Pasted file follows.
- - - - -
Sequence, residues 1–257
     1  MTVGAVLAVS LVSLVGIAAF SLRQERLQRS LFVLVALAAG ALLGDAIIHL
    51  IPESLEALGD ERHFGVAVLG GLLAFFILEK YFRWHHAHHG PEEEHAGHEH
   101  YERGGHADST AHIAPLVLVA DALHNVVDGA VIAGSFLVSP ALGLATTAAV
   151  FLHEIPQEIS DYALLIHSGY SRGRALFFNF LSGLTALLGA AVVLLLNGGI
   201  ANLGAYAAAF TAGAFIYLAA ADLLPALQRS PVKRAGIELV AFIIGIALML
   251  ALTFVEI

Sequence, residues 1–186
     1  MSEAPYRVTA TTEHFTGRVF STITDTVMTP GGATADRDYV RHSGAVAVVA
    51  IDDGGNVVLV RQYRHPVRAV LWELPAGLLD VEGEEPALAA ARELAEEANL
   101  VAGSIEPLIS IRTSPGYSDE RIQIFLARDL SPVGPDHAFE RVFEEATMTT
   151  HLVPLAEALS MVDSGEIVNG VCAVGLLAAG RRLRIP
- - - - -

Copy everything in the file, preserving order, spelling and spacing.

Sequence, residues 1–257
     1  MTVGAVLAVS LVSLVGIAAF SLRQERLQRS LFVLVALAAG ALLGDAIIHL
    51  IPESLEALGD ERHFGVAVLG GLLAFFILEK YFRWHHAHHG PEEEHAGHEH
   101  YERGGHADST AHIAPLVLVA DALHNVVDGA VIAGSFLVSP ALGLATTAAV
   151  FLHEIPQEIS DYALLIHSGY SRGRALFFNF LSGLTALLGA AVVLLLNGGI
   201  ANLGAYAAAF TAGAFIYLAA ADLLPALQRS PVKRAGIELV AFIIGIALML
   251  ALTFVEI

Sequence, residues 1–186
     1  MSEAPYRVTA TTEHFTGRVF STITDTVMTP GGATADRDYV RHSGAVAVVA
    51  IDDGGNVVLV RQYRHPVRAV LWELPAGLLD VEGEEPALAA ARELAEEANL
   101  VAGSIEPLIS IRTSPGYSDE RIQIFLARDL SPVGPDHAFE RVFEEATMTT
   151  HLVPLAEALS MVDSGEIVNG VCAVGLLAAG RRLRIP